I haven’t read a huge amount of Vladimir Nabokov’s novels, only the very obvious one and probably the second most obvious one (Pale Fire – though is Pnin a bit more famous?), so I approached his memoir, Speak, Memory, not as an avid completist seeking extra prose, but as someone who enjoys experimental fiction (though that of other people more than his) and is an increasingly clingy lover of memoir. Of non-fiction. Of things that are “true”, written novelisticly, ideally by novelists. Thus, I came for the life, not the writer.
Nabokov’s memoir ends when he leaves Europe for America, so though he is already a reasonably successful novelist writing in a language of a country he may not visit for the eyes of those who also may not visit it, he is not yet the Nabokov (I’d have capitalised that if I didn’t normally capitalise names) that he would later become. The only nymphets in the early years of his life are the real life women he romanced when a young and lusty man.*
Nabokov’s family were rich and fucking connected in Tsarist Russia, hence the going on the run after the Bolsheviks took over. His father was both a feudal landowner and a “liberal” politician, very much establishment, though (by all accounts) a nice man who wouldn’t really tolerate the exploitation of anyone. His mother was nice, his tutors were nice, his uncles were nice, his brother (who died in a Nazi concentration camp) was nice, his servants were nice and he wasn’t avaricious or angry because of his lost wealth (which he says, at one point, would have been (personally, in his teens) the equivalent of a couple of million American dollars. That’s a figure from the ’60s, remember…)
No one, no one close to Nabokov, is really bad. He makes fun of some of the fat women and overly-earnest men who tutored him and his brother, and this idyllic world of humongous wealth, when it comes to an abrupt end, seems only to be opening up and folding into to another great adventure, one which (it must be said) Nabokov definitely excelled in, perhaps because of his optimistic attitude.
I suppose, because Nabokov was born into money and was very, very successful at the discipline I am trying to hone my skills at, any attempt at criticism of him could (probably fairly) be deemed as classist jealousy.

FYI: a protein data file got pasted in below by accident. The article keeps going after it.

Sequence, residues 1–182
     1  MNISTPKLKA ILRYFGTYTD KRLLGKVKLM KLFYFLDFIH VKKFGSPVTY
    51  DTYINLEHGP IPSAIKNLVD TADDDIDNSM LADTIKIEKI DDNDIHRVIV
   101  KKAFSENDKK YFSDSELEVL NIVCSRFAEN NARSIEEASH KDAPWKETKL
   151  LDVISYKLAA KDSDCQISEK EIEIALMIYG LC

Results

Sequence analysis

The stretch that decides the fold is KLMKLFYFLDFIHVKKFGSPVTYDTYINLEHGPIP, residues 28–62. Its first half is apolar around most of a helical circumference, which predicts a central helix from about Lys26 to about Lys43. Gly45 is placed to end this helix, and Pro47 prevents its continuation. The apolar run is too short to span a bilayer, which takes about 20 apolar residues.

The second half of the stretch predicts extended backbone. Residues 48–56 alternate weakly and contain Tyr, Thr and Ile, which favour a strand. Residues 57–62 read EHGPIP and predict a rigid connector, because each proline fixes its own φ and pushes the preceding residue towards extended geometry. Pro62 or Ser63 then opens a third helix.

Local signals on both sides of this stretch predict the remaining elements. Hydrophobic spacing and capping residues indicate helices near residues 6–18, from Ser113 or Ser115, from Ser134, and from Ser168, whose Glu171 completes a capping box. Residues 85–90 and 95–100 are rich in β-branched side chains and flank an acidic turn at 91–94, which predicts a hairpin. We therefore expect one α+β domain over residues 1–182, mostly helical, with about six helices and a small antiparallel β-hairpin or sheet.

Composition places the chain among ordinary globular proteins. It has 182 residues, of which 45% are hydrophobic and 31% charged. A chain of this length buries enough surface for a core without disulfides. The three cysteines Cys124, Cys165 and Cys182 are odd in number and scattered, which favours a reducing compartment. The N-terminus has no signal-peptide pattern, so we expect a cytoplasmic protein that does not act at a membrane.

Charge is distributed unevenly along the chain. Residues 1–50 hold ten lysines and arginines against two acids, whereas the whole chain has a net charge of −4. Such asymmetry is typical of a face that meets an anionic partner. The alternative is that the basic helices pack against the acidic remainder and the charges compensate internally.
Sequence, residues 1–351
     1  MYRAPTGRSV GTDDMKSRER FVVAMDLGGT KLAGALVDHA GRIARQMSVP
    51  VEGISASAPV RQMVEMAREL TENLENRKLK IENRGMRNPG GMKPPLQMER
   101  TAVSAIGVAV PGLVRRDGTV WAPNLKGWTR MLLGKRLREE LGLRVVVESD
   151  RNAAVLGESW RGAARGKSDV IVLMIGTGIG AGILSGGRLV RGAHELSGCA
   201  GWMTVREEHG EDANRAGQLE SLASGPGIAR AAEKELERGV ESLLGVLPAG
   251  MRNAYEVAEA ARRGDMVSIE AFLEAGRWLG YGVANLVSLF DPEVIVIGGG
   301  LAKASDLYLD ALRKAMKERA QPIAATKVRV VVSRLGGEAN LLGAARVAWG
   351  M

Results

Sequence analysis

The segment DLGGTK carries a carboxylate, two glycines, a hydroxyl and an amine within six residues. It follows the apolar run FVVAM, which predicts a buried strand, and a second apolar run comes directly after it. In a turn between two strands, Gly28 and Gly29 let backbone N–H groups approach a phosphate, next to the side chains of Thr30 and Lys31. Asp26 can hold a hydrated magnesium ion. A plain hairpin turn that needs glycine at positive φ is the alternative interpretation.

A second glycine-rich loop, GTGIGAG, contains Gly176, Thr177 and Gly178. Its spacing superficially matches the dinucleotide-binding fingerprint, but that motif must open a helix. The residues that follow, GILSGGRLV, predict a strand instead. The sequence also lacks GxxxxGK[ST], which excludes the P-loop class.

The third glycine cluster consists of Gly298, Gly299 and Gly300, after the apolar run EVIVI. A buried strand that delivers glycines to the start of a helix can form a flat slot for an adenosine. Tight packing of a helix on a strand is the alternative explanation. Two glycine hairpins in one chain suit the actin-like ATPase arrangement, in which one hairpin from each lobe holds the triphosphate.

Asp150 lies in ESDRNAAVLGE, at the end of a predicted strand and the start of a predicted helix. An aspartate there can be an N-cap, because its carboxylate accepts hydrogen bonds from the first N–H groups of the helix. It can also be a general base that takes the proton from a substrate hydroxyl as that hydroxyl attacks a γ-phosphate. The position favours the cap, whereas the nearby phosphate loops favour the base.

Because I did, alas, really enjoy this book. I loved his descriptions of rural Russia, of glamorous holidays across Europe in the first decade of the twentieth century, his discussion of his school days, the ridiculousness of his father and the faltering failure (in his opinion) of the Russian revolution.
This is beautiful, delicious, prose, playing with language in an impressive and an elegant way, shifting time and location effortlessly and evoking a stupid and doomed era with an impress aplomb. I do like Nabokov’s writing, and here I liked Nabokov himself: he comes off well – there is no score-settling, very little self-aggrandising and an impressively zen attitude to the loss of his wealth.
This is a charming and an enjoyable memoir, not something I want to have enjoyed as much as I did, but it is the writing, really, that makes it: this is an excellently written piece. I’d raise my hat if it wasn’t too warm to be wearing one. Nabokov, against my better judgement, I’ll be reading you again soon.**
* Actually, a pretty serious omission from this text is the discussion of meeting his wife. She is there, in the text, as the addressee of many of his reminiscences, but never named and not given the space and attention given to his son, his parents, his servants, his cousins, his uncles, his friends, his-
Not given as much attention as anyone. Though he is quite loving when he addresses her, so it doesn’t feel like misogynistic forgetfulness, but a clear decision. Strange. I’d only not include people I knew very well in a memoir if I was trying to cover up the fact that I hated them. But, one must remember, I am a bit of a dick…
** He recommends, out of his own books, The Gift. Would anyone disagree??? Pnin is the obvious one, for me, that I haven’t read.
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